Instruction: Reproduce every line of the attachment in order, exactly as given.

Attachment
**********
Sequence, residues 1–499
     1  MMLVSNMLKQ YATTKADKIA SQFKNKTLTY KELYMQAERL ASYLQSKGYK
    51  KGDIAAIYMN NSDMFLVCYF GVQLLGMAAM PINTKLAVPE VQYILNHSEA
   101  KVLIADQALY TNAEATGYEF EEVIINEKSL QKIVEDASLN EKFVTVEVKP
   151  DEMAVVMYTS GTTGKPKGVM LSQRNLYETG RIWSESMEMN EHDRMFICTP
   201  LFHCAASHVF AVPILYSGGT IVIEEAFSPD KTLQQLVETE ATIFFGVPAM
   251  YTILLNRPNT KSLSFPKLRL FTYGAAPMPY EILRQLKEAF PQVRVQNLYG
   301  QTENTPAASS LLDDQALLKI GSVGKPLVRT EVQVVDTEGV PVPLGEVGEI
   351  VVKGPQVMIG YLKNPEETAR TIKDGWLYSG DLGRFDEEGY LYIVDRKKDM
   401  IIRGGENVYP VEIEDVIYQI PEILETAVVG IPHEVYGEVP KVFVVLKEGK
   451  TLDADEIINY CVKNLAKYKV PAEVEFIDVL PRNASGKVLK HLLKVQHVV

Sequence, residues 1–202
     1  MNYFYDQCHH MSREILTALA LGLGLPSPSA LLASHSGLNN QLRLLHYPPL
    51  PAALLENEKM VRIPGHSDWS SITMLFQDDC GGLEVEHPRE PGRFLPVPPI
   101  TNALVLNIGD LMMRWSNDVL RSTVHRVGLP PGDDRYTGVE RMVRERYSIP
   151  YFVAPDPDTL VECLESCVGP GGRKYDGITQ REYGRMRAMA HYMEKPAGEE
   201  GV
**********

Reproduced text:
Sequence, residues 1–499
     1  MMLVSNMLKQ YATTKADKIA SQFKNKTLTY KELYMQAERL ASYLQSKGYK
    51  KGDIAAIYMN NSDMFLVCYF GVQLLGMAAM PINTKLAVPE VQYILNHSEA
   101  KVLIADQALY TNAEATGYEF EEVIINEKSL QKIVEDASLN EKFVTVEVKP
   151  DEMAVVMYTS GTTGKPKGVM LSQRNLYETG RIWSESMEMN EHDRMFICTP
   201  LFHCAASHVF AVPILYSGGT IVIEEAFSPD KTLQQLVETE ATIFFGVPAM
   251  YTILLNRPNT KSLSFPKLRL FTYGAAPMPY EILRQLKEAF PQVRVQNLYG
   301  QTENTPAASS LLDDQALLKI GSVGKPLVRT EVQVVDTEGV PVPLGEVGEI
   351  VVKGPQVMIG YLKNPEETAR TIKDGWLYSG DLGRFDEEGY LYIVDRKKDM
   401  IIRGGENVYP VEIEDVIYQI PEILETAVVG IPHEVYGEVP KVFVVLKEGK
   451  TLDADEIINY CVKNLAKYKV PAEVEFIDVL PRNASGKVLK HLLKVQHVV

Sequence, residues 1–202
     1  MNYFYDQCHH MSREILTALA LGLGLPSPSA LLASHSGLNN QLRLLHYPPL
    51  PAALLENEKM VRIPGHSDWS SITMLFQDDC GGLEVEHPRE PGRFLPVPPI
   101  TNALVLNIGD LMMRWSNDVL RSTVHRVGLP PGDDRYTGVE RMVRERYSIP
   151  YFVAPDPDTL VECLESCVGP GGRKYDGITQ REYGRMRAMA HYMEKPAGEE
   201  GV